ASTMH 2018, Ashenafi Assefa: "Ethiopia: Assessment of malaria transmission dynamics using multiplex serological assay"
In collaboration with ASTMH, Image Audiovisuals, and session presenters, MESA brings you this webcast from the 67th ASTMH annual meeting in New Orleans, October 2018
Title: "Ethiopia: Assessment of malaria transmission dynamics using multiplex serological assay "
Speaker: Ashenafi Assefa, Ethiopian Public Health Institute, Addis Ababa, Ethiopia
October 29, 2018, 10:15 AM - 12:00 PM, Marriott - Sheraton - Rodrigue Gallery (1st Floor)
Serological methods are increasingly utilized to estimate malaria transmission in low transmission settings. Malaria burden measures using conventional diagnostic methods in cross-sectional household surveys may incompletely detect the intensity and pattern of malaria transmission over time. This study describes the seroprevalence and pattern of malaria transmission in Ethiopia.
Dried blood spot (DBS) samples collected during the Malaria indicator Survey 2015 representing malarious areas of Ethiopia were analysed with bead-based multiplex assays for IgG antibodies to 12 Plasmodium spp. antigens. Species-specific responses to MSP1 antigens were used to estimate the seroprevalence for the four human malaria species (P. falciparum, P. vivax, P. malariae and P. ovale). Frequency of seropositivity and seroconversion rates were fitted to models stratified by altitude and administrative regions.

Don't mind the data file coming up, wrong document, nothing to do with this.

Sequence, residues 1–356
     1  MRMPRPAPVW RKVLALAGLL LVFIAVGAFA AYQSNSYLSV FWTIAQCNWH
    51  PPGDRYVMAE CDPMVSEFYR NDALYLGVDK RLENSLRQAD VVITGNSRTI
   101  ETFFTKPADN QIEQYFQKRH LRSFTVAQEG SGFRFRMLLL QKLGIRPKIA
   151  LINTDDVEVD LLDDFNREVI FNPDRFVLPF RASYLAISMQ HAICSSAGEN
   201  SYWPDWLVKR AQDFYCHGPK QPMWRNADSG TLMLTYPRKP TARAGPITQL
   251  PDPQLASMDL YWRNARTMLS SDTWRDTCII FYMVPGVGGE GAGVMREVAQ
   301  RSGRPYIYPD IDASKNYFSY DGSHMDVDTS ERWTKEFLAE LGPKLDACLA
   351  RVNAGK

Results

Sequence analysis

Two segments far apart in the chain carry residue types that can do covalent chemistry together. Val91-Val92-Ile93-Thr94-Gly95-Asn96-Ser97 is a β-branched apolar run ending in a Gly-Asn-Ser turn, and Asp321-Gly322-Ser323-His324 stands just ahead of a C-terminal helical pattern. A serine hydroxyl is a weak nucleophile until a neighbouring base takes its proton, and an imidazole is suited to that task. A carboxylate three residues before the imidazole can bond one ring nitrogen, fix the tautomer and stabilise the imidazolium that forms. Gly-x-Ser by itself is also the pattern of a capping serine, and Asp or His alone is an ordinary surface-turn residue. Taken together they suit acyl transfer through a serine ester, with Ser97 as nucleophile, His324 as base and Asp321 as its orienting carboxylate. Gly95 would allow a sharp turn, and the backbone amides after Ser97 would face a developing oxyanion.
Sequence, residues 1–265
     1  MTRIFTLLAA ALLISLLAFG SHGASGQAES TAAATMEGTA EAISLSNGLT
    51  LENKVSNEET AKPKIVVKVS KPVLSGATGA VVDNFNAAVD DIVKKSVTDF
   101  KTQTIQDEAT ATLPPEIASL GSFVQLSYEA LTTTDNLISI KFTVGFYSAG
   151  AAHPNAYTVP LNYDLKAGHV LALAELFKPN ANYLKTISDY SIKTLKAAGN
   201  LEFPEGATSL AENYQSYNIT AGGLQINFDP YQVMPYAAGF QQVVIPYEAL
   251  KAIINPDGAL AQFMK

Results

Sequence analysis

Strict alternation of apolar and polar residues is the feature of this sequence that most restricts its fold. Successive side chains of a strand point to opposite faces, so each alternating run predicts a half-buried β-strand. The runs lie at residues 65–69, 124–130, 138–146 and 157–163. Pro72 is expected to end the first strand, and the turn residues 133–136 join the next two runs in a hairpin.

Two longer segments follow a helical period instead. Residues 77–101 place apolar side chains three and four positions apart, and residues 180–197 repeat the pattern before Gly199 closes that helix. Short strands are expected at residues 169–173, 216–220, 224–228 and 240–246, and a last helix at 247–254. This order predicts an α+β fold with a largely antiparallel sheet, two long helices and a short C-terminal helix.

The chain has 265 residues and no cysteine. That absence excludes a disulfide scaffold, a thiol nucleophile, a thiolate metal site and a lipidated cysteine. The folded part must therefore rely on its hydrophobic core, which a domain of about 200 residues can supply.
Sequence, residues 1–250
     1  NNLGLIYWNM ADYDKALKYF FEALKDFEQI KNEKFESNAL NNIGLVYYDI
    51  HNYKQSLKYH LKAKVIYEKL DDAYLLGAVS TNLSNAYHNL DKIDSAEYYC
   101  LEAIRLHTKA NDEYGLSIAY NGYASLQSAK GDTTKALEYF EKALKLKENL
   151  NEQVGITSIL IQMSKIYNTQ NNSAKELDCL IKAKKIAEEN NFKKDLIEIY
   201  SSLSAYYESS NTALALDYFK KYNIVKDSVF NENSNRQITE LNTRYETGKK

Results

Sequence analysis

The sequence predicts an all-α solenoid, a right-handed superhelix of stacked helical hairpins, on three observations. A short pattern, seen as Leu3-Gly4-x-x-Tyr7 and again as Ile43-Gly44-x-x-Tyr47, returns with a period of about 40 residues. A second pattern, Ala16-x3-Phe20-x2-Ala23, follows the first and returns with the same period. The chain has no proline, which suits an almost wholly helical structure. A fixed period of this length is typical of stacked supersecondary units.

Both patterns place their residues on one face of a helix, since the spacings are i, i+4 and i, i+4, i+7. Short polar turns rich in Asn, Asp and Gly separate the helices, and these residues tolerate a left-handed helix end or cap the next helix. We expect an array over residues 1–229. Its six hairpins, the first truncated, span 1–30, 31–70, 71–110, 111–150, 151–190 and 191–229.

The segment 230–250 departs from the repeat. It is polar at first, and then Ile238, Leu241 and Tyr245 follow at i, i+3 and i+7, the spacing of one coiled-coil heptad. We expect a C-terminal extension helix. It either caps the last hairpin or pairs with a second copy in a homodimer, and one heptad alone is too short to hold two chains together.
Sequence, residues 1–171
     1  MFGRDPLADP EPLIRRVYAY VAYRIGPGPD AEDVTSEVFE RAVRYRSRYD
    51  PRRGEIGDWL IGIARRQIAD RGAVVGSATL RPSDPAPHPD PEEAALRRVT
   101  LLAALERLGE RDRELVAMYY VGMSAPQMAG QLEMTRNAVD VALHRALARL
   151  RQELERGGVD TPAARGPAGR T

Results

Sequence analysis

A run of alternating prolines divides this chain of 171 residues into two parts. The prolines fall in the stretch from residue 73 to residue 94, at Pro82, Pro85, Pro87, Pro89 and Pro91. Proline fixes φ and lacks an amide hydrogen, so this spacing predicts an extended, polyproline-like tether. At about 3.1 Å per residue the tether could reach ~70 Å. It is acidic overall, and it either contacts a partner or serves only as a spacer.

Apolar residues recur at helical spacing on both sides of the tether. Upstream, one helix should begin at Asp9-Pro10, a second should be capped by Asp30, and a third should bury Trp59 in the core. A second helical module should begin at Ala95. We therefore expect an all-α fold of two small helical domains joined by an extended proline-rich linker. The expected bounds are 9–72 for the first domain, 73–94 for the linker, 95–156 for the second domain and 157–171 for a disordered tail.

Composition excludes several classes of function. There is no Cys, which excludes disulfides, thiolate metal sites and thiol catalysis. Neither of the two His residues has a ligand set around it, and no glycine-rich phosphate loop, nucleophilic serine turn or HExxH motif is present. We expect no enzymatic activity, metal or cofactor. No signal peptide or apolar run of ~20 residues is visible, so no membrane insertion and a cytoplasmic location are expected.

Of 8045 DBS samples collected, 7961 serological results were available for analysis. The mean age of participants was 14.8 years (95% CI: 14.7-17.3); 4197 (52.7%) participants were female. National seroprevalence was 26.4 % (95% CI: 25.5-27.5) for P. falciparum and 20.6% (95% CI: 19.7-21.5) for P. vivax. Estimated seroprevalences for P. malariae and P. ovale were 3.7% (95% CI: 3.3-4.2) and 1.1% (95% CI: 0.9-1.4), respectively. Seroprevalences were higher at lower altitudes (<2000m) compared to higher altitudes (2000-2500m); OR 2.2 (95% CI: 1.8-2.6) and 1.3 (95% CI: 1.1-1.6) for P. falciparum and P. vivax, respectively. Among Regions, the P. falciparum seroprevalences ranged from 41.4% (95% CI: 36.3-46.8) in Benishangul-Gumuz to 3.6% (95% CI: 0.9-13.3) in Harari Region. For P. vivax, the seroprevalence ranged from 37.0% (95% CI: 33.7-40.3) in Amhara to 3.1% (95% CI: 2.0-4.6) in Somali Region. Models fitted to measure transmission patterns show variability by regions, antigen type and within species.
Using serology, this study explored the cumulative malaria burden in Ethiopia and the use of multiplex assay on multiple antigens in a low transmission setting as a more sensitive biomarker using samples collected in a national survey.